Yellow Chevrons

By | 1 August 2015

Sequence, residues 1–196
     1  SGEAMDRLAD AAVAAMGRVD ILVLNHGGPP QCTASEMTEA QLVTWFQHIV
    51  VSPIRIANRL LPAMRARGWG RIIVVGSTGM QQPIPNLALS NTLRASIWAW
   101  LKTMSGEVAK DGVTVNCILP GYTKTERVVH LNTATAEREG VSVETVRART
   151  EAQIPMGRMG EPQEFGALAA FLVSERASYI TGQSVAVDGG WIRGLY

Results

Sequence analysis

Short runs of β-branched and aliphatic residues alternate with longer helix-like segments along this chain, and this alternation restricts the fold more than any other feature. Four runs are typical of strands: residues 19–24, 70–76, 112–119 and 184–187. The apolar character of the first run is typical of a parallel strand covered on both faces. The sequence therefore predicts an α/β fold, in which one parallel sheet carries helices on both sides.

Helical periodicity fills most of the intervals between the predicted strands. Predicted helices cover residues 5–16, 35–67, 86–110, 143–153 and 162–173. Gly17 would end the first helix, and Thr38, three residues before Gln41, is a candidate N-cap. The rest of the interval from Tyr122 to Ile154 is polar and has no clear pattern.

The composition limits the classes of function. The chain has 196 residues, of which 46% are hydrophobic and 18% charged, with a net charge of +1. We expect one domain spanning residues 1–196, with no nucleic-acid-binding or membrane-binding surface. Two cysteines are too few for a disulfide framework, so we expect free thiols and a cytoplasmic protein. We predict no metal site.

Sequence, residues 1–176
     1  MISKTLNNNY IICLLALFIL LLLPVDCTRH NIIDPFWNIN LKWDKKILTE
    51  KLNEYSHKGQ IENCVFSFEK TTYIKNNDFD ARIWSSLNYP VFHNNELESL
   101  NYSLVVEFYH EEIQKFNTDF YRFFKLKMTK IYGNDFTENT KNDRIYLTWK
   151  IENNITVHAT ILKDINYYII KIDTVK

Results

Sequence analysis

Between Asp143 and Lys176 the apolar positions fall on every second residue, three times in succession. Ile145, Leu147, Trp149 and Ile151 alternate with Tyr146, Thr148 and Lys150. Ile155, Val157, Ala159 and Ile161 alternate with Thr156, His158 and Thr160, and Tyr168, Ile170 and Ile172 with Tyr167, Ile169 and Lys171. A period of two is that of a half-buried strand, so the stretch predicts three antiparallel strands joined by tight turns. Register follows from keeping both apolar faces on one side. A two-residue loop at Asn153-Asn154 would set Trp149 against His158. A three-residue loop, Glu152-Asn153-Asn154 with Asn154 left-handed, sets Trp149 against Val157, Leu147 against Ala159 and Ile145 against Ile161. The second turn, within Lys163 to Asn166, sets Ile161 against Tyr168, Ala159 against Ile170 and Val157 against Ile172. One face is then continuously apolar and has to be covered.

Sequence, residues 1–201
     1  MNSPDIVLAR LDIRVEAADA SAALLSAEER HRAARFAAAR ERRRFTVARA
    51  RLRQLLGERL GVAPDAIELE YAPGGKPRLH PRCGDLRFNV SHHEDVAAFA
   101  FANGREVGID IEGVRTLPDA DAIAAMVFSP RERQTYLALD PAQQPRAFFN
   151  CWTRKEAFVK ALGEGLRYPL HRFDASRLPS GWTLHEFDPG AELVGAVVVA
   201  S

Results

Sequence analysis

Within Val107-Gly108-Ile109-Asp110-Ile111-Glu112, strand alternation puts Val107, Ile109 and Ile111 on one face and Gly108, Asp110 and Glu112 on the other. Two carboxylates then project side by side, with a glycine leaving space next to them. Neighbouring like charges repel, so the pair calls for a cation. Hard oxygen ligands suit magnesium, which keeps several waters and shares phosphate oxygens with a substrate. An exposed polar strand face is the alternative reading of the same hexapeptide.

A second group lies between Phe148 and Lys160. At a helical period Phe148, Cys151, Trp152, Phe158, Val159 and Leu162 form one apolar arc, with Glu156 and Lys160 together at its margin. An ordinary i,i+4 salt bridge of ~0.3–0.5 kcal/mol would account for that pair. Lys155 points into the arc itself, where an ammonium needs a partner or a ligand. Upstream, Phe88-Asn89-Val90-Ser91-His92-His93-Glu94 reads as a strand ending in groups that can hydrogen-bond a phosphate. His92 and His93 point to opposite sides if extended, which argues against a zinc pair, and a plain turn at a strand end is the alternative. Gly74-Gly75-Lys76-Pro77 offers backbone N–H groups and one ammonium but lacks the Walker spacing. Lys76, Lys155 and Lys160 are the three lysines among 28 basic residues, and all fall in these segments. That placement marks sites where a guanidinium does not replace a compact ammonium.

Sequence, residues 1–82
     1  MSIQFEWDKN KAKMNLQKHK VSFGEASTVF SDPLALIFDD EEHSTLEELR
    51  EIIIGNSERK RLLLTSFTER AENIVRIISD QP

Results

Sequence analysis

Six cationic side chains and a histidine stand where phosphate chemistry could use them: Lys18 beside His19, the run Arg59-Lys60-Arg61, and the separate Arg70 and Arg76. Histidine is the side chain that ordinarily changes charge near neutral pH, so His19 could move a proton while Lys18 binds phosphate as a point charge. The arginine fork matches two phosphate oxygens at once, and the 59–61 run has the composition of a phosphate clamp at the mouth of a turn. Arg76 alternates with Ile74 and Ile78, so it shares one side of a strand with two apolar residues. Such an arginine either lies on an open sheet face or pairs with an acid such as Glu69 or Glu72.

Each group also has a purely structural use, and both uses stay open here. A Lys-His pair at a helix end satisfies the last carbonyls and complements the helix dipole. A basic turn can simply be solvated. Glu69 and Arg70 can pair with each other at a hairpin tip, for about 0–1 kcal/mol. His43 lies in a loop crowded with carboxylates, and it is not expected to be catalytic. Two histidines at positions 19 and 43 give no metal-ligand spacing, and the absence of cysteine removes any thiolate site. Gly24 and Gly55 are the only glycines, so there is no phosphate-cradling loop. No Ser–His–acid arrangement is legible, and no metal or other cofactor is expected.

An old story. Our hero wakes up disoriented in a strange and unfamiliar land. Rock strewn, treeless. He is amnesiac; expulsion from Eden is false memory. The Ruskinesque, quartz blaze of a fallen rock. Into his field of vision float half erased memories. The plank-hulled ship stretched upon the leek-green sea, for instance. Though how did he get here? Balloon cheeked clouds puff powdery gusts from every quarter. The ship tilts toward its destiny, sails pot-belled and proud. An empire in red shading and black lines spell out emptiness. A clutch of miniscule palm trees lean toward the coast. A few towns and oases marked out phonetically in copperplate promise little. Inland remains largely terra incognita, a persistent rumour. He observes a lizard, frozen beneath his shadow, its back patterned with yellow chevrons. This reminds him of ship’s anchors. The map fades off, borderless, into obscurity. The horizon swings on its boom in one slow arc either side of the perpendicular. The emissary has not yet returned with news from the ant-headed people. At best, trade routes remain speculative. Twilight is the texture of wickerwork all around him. Soon the stars.

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